The mass pursuit of people for the domestication of dromedaries is not surprising. In addition to being an excellent means of transportation and transportation of cargo, their woolen coat, meat and milk have incredible qualities. Camel skins are famous for their thermal insulation, meat — distinctive taste qualities, fat is similar to lamb, and milk is famous for its fat content and content of useful trace elements.
Population and species status
The special qualities of wool, milk and meat of the camel species make them a desirable prey for hunters. Therefore, camel hunting is considered poaching and is prosecuted at the legislative level. Massive human modification of the natural habitat of animals also leaves an imprint on their population. Human intervention has led to the fact that the number of heads of two-humped individuals totals only about 1000 pieces living in the wild, unlike dromedaries — they are considered fully domesticated. The remaining Bactrians are protected by law and kept in the territories of natural reserves.
Despite the ban on hunting camels in the wild, domesticated dromedaries are often farmed not only for their traction, but also for skins, fat, meat and milk. In ancient times, camel meat and milk were the main components of the diet of nomadic peoples. Harnesses and ropes are made from their skin, which are distinguished by their strength. Various dairy products are made from milk. With the development of tourism, one-humped camels began to be used to earn money by riding guests (the average carrying capacity of a subspecies is about 150 kg), and camel racing has grown into the status of a national sport in Saudi Arabia and the United Arab Emirates.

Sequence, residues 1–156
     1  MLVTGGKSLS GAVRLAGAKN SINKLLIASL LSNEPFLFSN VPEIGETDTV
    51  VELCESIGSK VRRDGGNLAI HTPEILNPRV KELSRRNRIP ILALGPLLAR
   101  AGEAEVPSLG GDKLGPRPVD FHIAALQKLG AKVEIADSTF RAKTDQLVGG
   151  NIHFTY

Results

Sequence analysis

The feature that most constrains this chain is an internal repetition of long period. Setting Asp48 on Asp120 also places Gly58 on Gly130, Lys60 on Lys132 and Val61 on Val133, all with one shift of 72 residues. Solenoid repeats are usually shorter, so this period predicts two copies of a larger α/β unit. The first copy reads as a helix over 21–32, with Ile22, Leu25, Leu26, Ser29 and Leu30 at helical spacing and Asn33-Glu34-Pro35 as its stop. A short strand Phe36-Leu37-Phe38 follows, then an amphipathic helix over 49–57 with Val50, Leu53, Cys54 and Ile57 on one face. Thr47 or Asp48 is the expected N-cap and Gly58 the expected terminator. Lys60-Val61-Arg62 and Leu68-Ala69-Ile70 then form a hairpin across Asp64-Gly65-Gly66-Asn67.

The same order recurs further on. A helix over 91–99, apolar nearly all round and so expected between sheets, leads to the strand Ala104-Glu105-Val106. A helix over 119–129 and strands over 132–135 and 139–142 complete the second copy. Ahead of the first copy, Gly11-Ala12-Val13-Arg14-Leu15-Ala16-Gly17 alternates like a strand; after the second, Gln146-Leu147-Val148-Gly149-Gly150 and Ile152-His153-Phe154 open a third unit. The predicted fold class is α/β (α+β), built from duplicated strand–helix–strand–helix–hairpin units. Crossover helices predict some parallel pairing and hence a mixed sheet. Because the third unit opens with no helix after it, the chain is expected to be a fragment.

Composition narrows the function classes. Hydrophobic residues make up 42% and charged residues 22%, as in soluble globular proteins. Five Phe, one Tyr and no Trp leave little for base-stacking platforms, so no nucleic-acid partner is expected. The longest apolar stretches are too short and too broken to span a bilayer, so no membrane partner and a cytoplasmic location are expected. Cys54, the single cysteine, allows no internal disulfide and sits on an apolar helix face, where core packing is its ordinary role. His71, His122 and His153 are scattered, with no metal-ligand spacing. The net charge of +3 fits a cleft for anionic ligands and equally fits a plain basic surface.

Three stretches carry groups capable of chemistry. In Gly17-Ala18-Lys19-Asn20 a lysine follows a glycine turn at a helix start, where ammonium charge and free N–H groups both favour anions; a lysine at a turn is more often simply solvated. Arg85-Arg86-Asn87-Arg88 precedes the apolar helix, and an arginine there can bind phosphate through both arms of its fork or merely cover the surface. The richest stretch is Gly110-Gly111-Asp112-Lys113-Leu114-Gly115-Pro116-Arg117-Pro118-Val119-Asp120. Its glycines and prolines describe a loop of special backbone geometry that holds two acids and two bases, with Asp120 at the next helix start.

Arabians , they are dromedaries, smart, hardy and adapted to life with a person. They have excellent traction power, a good means of transportation in arid and extremely hot climates, which makes them indispensable in hot desert areas. Features of their body and structure help them survive even the most extreme conditions. But, unfortunately, it will not be possible to trace their behavior in their natural habitat, because. the wild subspecies is considered completely extinct and domesticated. Despite this, the one-humped camel continues to faithfully serve a person in his daily life.